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Discussion Starter #1
Placed an order with Traxxion for Super Seat Bolts brilliant product :) Also the dipstick extender thought was waste of money But yeah it is brilliant as well :) Next r/h tie rod easy to fit and Another brilliant product Last but the best one of the bunch the solid bush for the l/h tie rod once again easy to fit and a more than brilliant result :) :) P/S Next time you have seat off cut that stupid front mounting locator OFF it makes refitting the seat a breeze :) :)
 

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Placed an order with Traxxion for Super Seat Bolts brilliant product. Next time you have seat off cut that stupid front mounting locator OFF it makes refitting the seat a breeze.
The Traxxion seat bolts make a huge difference. On my 2018 GWT6, I found that putting a small amount of silicon on the rear seat tabs made installing the seat effortless, without having to modify/cut the front tab.
 

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Supposedly takes some of the sloppiness out of the steering and prevent sloppiness down the road
The left solid bushing takes slop out or the Right Traxxion Tie Rod? I thought the left solid bushing only provided support in the case of a right tie rod catastrophe otherwise it did nothing?
 

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Placed an order with Traxxion for Super Seat Bolts brilliant product :) Also the dipstick extender thought was waste of money But yeah it is brilliant as well :) Next r/h tie rod easy to fit and Another brilliant product Last but the best one of the bunch the solid bush for the l/h tie rod once again easy to fit and a more than brilliant result :) :) P/S Next time you have seat off cut that stupid front mounting locator OFF it makes refitting the seat a breeze :) :)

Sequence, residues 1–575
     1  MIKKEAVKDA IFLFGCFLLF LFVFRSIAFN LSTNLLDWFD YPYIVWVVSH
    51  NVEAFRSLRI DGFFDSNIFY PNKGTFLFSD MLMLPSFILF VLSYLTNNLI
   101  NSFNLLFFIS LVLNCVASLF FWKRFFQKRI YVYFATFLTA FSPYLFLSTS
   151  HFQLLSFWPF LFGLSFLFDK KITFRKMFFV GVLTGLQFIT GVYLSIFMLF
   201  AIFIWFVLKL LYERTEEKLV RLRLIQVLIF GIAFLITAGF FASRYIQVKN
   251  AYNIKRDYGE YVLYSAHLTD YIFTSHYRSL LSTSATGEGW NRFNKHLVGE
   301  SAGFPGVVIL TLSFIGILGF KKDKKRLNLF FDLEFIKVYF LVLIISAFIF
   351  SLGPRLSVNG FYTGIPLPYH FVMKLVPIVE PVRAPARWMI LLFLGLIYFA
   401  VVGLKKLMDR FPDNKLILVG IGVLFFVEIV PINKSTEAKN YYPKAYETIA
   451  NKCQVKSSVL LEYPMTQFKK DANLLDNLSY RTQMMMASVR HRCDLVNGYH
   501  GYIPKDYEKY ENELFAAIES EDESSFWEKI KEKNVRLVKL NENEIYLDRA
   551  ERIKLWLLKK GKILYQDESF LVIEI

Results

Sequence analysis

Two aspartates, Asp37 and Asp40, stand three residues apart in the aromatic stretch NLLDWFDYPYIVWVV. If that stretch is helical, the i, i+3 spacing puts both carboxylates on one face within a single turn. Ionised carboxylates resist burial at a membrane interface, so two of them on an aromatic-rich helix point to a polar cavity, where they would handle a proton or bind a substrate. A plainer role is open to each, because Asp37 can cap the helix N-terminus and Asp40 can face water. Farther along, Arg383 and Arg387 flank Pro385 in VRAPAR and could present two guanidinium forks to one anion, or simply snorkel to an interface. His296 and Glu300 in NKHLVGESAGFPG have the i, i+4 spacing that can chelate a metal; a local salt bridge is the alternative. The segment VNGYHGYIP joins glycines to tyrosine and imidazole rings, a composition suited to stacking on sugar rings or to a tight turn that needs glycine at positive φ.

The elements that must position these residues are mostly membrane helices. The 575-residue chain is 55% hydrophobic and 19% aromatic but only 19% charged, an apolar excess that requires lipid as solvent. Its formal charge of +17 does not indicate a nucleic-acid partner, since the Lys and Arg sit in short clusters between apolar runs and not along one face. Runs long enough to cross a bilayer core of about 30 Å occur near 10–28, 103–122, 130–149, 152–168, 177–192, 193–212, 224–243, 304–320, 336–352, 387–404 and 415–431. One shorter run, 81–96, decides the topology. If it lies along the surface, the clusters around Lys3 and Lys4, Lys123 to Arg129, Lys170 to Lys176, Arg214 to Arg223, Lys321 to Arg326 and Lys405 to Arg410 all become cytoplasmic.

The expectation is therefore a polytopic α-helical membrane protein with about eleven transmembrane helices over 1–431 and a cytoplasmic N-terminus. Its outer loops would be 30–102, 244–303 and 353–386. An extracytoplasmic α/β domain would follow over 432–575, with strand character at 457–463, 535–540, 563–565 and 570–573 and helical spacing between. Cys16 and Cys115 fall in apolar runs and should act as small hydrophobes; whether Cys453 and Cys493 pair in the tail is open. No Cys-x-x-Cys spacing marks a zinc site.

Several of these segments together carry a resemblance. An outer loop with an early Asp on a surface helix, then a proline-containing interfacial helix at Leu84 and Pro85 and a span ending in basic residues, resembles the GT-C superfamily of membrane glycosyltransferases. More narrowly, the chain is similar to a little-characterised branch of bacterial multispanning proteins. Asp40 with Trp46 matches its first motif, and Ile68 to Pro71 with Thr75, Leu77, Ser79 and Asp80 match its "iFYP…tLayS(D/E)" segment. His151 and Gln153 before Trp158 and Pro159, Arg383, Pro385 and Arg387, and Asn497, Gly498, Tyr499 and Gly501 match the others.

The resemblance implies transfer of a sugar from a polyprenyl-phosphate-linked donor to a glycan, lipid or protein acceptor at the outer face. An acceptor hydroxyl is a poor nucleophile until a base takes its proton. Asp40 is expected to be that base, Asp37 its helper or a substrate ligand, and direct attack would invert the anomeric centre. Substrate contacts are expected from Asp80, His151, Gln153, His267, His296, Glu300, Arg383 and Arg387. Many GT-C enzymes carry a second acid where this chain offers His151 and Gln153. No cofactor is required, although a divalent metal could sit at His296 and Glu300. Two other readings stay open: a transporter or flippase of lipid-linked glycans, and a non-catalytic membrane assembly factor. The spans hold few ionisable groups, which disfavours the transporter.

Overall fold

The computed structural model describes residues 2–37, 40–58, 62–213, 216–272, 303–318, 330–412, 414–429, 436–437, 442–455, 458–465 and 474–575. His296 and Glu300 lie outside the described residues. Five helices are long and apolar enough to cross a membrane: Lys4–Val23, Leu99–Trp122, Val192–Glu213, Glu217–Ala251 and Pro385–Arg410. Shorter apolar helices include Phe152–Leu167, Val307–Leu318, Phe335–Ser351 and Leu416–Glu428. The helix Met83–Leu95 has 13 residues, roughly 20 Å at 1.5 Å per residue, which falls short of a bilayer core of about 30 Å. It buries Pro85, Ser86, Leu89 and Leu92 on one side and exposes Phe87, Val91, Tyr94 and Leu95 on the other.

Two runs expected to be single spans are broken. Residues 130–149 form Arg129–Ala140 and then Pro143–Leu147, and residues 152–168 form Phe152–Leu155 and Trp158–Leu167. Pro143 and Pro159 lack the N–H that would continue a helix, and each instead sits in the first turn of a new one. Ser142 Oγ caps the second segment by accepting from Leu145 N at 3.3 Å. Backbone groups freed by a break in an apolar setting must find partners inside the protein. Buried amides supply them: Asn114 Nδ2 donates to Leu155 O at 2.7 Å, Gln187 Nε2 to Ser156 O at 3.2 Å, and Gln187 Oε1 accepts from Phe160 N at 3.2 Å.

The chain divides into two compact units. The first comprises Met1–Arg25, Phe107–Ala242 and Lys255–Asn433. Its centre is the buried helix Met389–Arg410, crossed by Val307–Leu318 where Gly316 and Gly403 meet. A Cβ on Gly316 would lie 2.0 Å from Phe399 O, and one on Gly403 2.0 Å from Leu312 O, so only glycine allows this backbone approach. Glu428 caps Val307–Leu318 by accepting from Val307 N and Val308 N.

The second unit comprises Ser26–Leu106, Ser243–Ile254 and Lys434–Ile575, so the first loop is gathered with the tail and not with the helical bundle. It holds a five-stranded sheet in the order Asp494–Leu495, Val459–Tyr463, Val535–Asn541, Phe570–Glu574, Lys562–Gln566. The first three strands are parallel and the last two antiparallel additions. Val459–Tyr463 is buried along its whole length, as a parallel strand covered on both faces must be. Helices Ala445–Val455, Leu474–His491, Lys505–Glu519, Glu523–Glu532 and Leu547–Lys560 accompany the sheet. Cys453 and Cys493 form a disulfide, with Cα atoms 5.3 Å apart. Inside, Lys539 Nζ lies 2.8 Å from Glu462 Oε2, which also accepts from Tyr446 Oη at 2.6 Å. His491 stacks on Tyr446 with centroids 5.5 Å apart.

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When I sell my Suzuki and order front and rear shocks, I may throw in the left solid bushing. I already have the right tie rod. I will put the bushing in before working on the front shock and work the suspension and steering without the shock and see what it feels like for how free of movement it has. There should be no binding anywhere if Honda did their geometry homework; but it was the fear of binding as to why Honda put a rubber bushing on the left side.

For the seat bolts, I would just need some with built in washers and not the shoulders. My collars are glued to the seat and no longer a problem. The washers attempting to find the abbyse is the only problem I have with them.
 

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Discussion Starter #13
When I sell my Suzuki and order front and rear shocks, I may throw in the left solid bushing. I already have the right tie rod. I will put the bushing in before working on the front shock and work the suspension and steering without the shock and see what it feels like for how free of movement it has. There should be no binding anywhere if Honda did their geometry homework; but it was the fear of binding as to why Honda put a rubber bushing on the left side.

For the seat bolts, I would just need some with built in washers and not the shoulders. My collars are glued to the seat and no longer a problem. The washers attempting to find the abbyse is the only problem I have with them.
It's got nothing to with Binding if a tie rod is fully serviceable it cant and wont bind it's a pivot :) :)
 

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It's got nothing to with Binding if a tie rod is fully serviceable it cant and wont bind it's a pivot :) :)
If Honda did not do the math correctly with where the tie rods pivot (for and aft) in relation to the pivot points in the suspension movement from full top to full bottom while steering lock to lock, then binding may occur if both tie rods are hard fixed and in the wrong place. Honda put in the highly flexible bushing on the left side to prevent any potential of binding if the math was wrong in picking locations of the pivots to the tie rods; yet they still wanted the safety factor of the second tie rod. I specified "if Honda did their geometry homework" as a reference to needing to do more advanced math calculations that relate to spacial objects moving in a 4 dimension model where distances between points must remain constant while allowing full motion. The odds are in favor of being in the correct spots, but I want to know for sure and feel it when I have the front shock out.
 
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